Morrow: One of the things we’ve seen is it’s important to understand what GO CAPS is and what it isn’t. Young people go through GO CAPS and they still need something else between here and their career. It allows them to test drive some careers. It allows them to get their feet wet and learn about something they might have a passion for and find out if they do and sometimes importantly find out if they don’t. It makes them better consumers of higher education and puts them in a position to where they could really hit the ground running and prepare for their future.

Olson: Are there any advantages our community has in retaining and recruiting high-quality workers?
Morrow: The question is always, “What does the climate look like for my present and future workforce needs? Is there a workforce pipeline?” Those things they need to have assurances of before they’re able to decide where they’re going to be. Right now, one of the biggest challenges we have is the availability of ready space for a variety of different uses. The reason we talk space is because it’s one of the biggest hooks to get companies to visit Springfield. Normally, if they visit here, they end up staying here.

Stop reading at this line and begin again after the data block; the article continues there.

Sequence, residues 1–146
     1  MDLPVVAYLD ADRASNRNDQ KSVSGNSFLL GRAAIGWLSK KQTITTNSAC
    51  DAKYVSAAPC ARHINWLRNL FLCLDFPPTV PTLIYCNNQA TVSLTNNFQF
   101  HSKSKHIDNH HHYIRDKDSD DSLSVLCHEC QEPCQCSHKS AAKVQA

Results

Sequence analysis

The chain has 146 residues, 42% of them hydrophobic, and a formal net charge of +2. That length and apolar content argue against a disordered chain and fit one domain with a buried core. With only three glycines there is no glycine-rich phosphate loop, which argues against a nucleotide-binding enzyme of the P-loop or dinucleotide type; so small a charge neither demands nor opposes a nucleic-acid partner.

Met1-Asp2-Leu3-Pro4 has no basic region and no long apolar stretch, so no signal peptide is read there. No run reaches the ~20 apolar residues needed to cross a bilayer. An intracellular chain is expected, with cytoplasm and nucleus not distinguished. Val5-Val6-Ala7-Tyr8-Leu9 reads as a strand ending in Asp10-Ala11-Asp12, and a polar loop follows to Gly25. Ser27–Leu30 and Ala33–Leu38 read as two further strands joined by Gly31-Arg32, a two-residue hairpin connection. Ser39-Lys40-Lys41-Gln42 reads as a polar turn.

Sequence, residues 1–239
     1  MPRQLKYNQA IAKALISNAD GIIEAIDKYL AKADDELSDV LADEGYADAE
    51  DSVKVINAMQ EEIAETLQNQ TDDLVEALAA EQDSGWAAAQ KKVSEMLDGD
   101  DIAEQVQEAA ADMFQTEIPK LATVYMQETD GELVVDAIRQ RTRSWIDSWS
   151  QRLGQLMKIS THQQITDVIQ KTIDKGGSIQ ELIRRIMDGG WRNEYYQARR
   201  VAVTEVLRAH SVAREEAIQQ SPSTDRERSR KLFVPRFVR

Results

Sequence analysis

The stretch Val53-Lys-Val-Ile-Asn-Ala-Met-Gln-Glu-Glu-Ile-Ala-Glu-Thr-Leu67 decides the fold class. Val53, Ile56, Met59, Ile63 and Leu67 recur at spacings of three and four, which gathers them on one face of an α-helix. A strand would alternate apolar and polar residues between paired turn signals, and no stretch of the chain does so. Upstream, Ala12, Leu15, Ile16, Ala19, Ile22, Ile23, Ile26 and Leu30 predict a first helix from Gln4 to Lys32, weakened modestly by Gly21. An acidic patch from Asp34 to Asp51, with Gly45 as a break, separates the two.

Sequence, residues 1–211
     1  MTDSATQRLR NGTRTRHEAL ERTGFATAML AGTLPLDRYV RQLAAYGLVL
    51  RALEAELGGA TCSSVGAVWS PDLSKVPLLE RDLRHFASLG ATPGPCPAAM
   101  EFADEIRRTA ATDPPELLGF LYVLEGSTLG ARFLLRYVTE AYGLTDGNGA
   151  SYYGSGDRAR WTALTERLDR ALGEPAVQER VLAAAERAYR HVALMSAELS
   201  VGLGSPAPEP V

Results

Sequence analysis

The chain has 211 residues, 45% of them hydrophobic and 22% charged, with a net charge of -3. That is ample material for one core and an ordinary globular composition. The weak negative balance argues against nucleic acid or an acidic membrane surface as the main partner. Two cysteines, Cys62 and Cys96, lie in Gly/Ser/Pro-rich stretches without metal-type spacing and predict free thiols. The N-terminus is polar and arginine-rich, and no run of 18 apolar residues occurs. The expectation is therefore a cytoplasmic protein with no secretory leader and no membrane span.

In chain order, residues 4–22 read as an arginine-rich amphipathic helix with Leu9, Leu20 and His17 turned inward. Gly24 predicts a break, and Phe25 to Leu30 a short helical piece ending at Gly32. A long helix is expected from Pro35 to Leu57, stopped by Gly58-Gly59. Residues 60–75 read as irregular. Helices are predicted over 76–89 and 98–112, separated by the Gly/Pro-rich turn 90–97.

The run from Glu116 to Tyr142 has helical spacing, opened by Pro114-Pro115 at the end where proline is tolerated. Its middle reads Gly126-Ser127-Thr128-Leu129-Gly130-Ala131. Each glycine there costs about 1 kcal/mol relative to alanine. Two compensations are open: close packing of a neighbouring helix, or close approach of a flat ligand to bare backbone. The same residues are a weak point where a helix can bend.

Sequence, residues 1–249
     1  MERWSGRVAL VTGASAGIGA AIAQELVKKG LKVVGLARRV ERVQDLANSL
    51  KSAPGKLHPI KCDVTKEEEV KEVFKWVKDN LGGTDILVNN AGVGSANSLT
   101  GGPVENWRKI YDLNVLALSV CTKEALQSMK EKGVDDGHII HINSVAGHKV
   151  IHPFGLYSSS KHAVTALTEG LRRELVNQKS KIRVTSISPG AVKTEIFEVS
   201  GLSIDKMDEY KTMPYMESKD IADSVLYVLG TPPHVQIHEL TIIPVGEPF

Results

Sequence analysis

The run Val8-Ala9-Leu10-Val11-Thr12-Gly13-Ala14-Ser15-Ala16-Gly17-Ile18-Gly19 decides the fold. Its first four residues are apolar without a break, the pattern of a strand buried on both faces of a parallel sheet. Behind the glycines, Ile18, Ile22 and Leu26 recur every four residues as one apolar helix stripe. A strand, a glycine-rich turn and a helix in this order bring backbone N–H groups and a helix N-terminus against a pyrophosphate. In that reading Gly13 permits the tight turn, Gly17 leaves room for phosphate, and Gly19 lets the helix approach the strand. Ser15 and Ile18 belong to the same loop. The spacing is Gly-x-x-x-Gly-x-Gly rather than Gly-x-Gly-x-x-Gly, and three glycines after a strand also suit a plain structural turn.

Olson: Is there a percentage that you know of?
Morrow: Well, it’s almost all of them, honestly. It’s very rare that if we get them here to visit that we don’t end up with them staying here. One of the biggest ways to get them here is to have a property that really matches up well with what they envision. What draws companies and what draws jobs is the No. 1 thing we’re talking about: workforce. We’re also talking about the lifestyle of the Ozarks.
Abramovitz: With the younger generation, the revival of the downtown, the condos and the things happening gives them more of a nightlife. They’re more communal; they like to sit around and have a fire and work on their phones and once in awhile talk.
Morrow: Another thing that has had a lot to do with it is the expansion of the educational community. OTC has a presence down there, the expansion and growth of MSU, the campus at Drury, all in that area has created a proximity of a lot of young people. They can see a future in a community where these kind of jobs they might think only exist in the Silicon Valley are here. We don’t have to tell them they’re here; they can just see.

Interview excerpts by Features Editor Emily Letterman,, and editorial assistant Barrett Young,